I voted. It felt great, but the greatest thing about it was how normal it felt; elections have become a ho-hum, commonplace occurance. That's quite a feat for a country with Iraq's past and current challenges. The voting procedure itself was very well organized and speedy. The election site had seven polling stations, with about 400 registered voters allowed to vote there. Everyone's name was posted outside, along with information about what polling station they were supposed to use. Once inside, IDs were checked against name lists, and one had to sign next one's name to indicate that this name has voted. All in all, there are reasonable mechanisms in place to contain incidents of fraud. Most complaints are the fault of voters, who should have checked their registration status and followed the Electoral Commission's instructions that were amply circulated beforehand in the run-up to the ballot.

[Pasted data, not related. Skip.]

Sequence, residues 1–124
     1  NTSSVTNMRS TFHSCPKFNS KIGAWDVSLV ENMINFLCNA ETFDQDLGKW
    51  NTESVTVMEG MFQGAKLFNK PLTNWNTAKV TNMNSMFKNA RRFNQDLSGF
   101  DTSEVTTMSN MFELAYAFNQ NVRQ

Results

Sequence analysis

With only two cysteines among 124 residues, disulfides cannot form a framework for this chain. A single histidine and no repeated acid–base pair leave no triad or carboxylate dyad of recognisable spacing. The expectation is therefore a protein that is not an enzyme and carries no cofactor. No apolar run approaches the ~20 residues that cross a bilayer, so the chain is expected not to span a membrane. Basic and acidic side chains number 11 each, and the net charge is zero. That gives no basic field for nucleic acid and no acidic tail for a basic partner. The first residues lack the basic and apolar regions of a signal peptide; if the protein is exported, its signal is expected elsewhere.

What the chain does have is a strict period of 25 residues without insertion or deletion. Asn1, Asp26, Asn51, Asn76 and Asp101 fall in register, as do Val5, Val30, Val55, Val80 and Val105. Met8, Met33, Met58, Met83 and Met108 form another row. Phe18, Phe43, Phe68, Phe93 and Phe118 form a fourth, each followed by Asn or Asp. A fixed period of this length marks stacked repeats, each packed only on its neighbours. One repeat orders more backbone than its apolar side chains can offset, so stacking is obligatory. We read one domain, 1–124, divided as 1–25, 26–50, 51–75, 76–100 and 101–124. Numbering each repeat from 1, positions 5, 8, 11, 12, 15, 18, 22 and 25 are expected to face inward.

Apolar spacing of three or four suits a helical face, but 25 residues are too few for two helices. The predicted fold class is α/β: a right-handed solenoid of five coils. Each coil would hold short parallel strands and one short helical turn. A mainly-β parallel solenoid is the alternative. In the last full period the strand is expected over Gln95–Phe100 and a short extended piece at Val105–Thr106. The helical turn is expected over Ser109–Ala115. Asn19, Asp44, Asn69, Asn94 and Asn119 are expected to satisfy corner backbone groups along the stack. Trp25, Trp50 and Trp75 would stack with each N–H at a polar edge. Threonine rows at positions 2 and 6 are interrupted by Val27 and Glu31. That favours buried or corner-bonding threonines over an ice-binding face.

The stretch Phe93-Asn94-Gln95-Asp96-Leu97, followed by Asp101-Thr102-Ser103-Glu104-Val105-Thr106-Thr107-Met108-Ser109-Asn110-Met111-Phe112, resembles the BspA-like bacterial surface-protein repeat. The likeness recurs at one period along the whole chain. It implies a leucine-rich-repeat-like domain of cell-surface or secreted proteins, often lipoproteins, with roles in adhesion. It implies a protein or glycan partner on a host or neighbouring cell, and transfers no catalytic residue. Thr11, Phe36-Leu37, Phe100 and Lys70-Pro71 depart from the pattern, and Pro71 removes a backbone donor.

The Western media is hyperventilating about mortars and katyushas, but what I found interesting is that the Islamic State of Iraq failed to carry out its threats of disrupting the elections in any discernible fashion. This was a logistical failure for the jihadists; hardly any successful suicide bombers or sniper attacks near the polling stations. Lobbing mortars indiscriminately around Baghdad is BS intimidation. It certainly didn't deter voters.
The fact that the security authorities allowed vehicular traffic around 11 AM was both surprising and bold. It showed confidence in their security precautions, and the fact that there were no car bombs shows that they were right.
As for the initial results, what I'm hearing from my own sources and what I'm seeing on TV point out, to me at least, that my predictions a few days ago (scroll down) were reasonably accurate. Maliki on top, followed by Allawi, and Iraqi National Alliance a distant third. Maliki has beaten the Sadrists in their own bastions in Baghdad. That says a lot.